# A basic biostatistic discussion - (Oct/17/2009 )

Hi everybody!

We are having a basic discussion in my lab and I would like to hear another points of view. We're working with some cell lines and our discussion is about next:

If you have a 3 (or 6)-wells plate and you seed it: Is every well an independent sample?. or are they replicates?. In another words: How do you count the number of experiments? By wells or by plate?

I say that if you load onto a gel three samples got from a cell lysate (from a single well) you'll get a triplicate. So, for me, a 6-wells plate should give us 6 samples (probalbly indepents samples). Anyway, this is not how I proceed with my experiments. I consider that a 6-well plate it's just a unique sample (I count my experiments by plate).

What do you think about?

Thanks a lot!!

-interleukino-

interleukino on Oct 17 2009, 02:14 AM said:

Hi everybody!

We are having a basic discussion in my lab and I would like to hear another points of view. We're working with some cell lines and our discussion is about next:

If you have a 3 (or 6)-wells plate and you seed it: Is every well an independent sample?. or are they replicates?. In another words: How do you count the number of experiments? By wells or by plate?

I say that if you load onto a gel three samples got from a cell lysate (from a single well) you'll get a triplicate. So, for me, a 6-wells plate should give us 6 samples (probalbly indepents samples). Anyway, this is not how I proceed with my experiments. I consider that a 6-well plate it's just a unique sample (I count my experiments by plate).

What do you think about?

Thanks a lot!!

We do gentamicin exclusion assays, and we treat each well as a replicate, and repeat the experiment 3x to get our triplicate experiments.

So, our plates set up as follows:

-macrophages harvested from animal
-macs seeded into 24 well plate
-use 3 wells per sample per time point - have 4 bacterial strains and 2 time points, so that fills up one 24 well plate

This constitutes one experimental unit. To get multiple experimental units, we do multiple plates with macs harvested from different experimental animals.

We've done similar types of experiments using a cell line, and set it up the same way.

-fishdoc-

I don't do cell culture, but what your describing seems reminiscent of microarray work. If multiple samples to be measured originate from the same source, they are called "technical replicates". If they are the same thing (same cells, bacteria, etc.), but from different sources (cultures), they are called "biological replicates". Statistically, technical replicates are multiple measurements of the same culture, while biological replicates are comparative measures of different cultures. Both are necessary for statistical rigorousness.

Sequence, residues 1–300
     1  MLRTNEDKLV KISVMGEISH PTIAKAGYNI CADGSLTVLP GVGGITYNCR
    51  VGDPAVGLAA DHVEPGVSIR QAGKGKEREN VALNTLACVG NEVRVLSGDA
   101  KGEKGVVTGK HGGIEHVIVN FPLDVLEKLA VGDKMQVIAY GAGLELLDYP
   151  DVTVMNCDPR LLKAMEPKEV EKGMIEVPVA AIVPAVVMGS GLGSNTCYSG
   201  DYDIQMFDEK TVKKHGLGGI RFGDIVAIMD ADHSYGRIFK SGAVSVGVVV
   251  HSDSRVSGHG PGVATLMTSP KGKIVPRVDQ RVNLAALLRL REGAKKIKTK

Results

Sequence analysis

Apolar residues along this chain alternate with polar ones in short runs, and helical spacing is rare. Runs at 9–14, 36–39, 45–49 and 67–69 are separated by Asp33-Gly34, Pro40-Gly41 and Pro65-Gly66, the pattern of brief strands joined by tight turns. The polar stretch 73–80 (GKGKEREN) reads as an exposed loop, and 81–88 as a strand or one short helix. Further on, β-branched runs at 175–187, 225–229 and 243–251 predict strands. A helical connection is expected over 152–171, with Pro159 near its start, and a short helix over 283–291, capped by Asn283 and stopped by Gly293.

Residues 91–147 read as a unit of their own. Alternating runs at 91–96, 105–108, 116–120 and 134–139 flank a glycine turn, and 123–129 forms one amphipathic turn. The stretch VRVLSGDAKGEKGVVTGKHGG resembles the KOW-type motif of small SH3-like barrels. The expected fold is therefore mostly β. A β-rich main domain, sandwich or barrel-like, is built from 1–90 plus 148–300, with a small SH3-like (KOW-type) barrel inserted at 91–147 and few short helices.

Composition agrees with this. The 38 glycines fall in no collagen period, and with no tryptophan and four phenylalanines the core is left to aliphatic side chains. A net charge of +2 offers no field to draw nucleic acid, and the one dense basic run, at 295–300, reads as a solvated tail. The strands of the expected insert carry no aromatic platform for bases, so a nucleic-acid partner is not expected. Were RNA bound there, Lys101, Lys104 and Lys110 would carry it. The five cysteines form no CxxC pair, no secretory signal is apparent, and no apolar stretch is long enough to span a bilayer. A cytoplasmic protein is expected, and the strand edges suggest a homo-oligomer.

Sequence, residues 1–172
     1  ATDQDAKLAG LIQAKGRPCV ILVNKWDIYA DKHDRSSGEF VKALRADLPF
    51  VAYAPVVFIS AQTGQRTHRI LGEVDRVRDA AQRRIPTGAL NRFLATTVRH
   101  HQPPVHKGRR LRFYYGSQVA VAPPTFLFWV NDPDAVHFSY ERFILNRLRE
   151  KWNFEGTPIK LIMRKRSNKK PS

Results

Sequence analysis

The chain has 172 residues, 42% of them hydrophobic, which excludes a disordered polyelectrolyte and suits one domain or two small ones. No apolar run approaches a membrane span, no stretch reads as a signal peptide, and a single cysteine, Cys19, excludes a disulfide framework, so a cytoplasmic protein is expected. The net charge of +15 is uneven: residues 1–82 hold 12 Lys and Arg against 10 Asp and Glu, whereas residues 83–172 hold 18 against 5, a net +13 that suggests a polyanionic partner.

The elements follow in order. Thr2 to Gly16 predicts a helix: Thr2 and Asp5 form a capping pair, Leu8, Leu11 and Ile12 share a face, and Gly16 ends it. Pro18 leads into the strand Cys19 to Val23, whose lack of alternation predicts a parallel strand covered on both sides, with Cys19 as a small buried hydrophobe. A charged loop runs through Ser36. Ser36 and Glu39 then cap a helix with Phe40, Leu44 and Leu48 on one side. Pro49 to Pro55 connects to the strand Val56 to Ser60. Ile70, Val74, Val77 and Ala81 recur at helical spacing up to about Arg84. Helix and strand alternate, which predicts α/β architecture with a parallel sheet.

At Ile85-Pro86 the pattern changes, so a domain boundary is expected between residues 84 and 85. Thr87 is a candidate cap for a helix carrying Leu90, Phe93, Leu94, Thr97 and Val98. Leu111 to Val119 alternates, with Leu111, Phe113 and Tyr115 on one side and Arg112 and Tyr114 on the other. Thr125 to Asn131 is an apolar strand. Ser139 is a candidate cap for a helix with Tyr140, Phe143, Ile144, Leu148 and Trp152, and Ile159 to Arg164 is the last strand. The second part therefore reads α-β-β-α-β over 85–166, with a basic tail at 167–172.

-HomeBrew-

Thanks Homebrew!

That's a good point! And I guess that's why our discussion begin: difference between tech or biological replicates.

Thanks!!

-interleukino-

Again, using my microarray point of reference -- biological replicates are considered different experiments, while technical replicates are considered different measurements of the same experiment. So, the number of "experiments" you have equals the number of biological replicates you have...

-HomeBrew-

I've been reading about technical replicates, and some papers describe the use of 6-wells plates as a unique "biological" replicate (the same way I use to proceed). But I'm still in doubt, because every well should be useful to measure "biological variability" (I mean, every lisate from a single well). In fact, every well will suffer differents inhibition levels (eg in siRNA experiments) and other variables. I know this is a kind of "philosofical" discussion with a great relevance (and supose it belongs to experimental design) but I didn't see any clear definition in editorial policies of journals. I should to read a lot!! Thanks!

-interleukino-

Again, I don't do cell culture work, but in my opinion loading multiple samples on a gel from the *same well* are clearly technical replicates -- repeated measurements of the same experiment (sample).

Whether or not each well qualifies as a different biological replicate (experiment) depends on what you are doing in each well.

-HomeBrew-

HomeBrew on Oct 18 2009, 07:50 PM said:

Again, I don't do cell culture work, but in my opinion loading multiple samples on a gel from the *same well* are clearly technical replicates -- repeated measurements of the same experiment (sample).

Whether or not each well qualifies as a different biological replicate (experiment) depends on what you are doing in each well.

i agree

hello guyes,

anyone can help to solve these questions, please

The distribution of blood glucose levels in a large population of people of the same age and gender is roughly normally distributed.

For 15 year old boys the mean is 5.5 mmol/L and the standard deviation is 1.1 mmol/L.

Note: The following questions (part (a) to part (d)) relate to the this information and the values presented above have been altered for this assignment and may not truly represent a population.

(a) Levels above 9mmol/L may require medical attention. What percentage of 15 year old boys would be expected to have more than 9mmol/L of blood glucose?

(b) What percentage of 15 year old boys would be expected to have blood glucose levels between (and including) 5 mmol/L and 6 mmol/L?

(c) Approximately 99% of the blood glucose levels of 15 year old boys fall between  mmol/L and  mmol/L.

(d) If as an alternative to measuring blood glucose levels a researcher decided to instead look at the diagnosis of diabetes in the wider population,

what kind of probability distribution would you expect the proportion of diabetics to follow?

Student's t

Uniform

Normal

Binomial

thanks

-Qutaibha-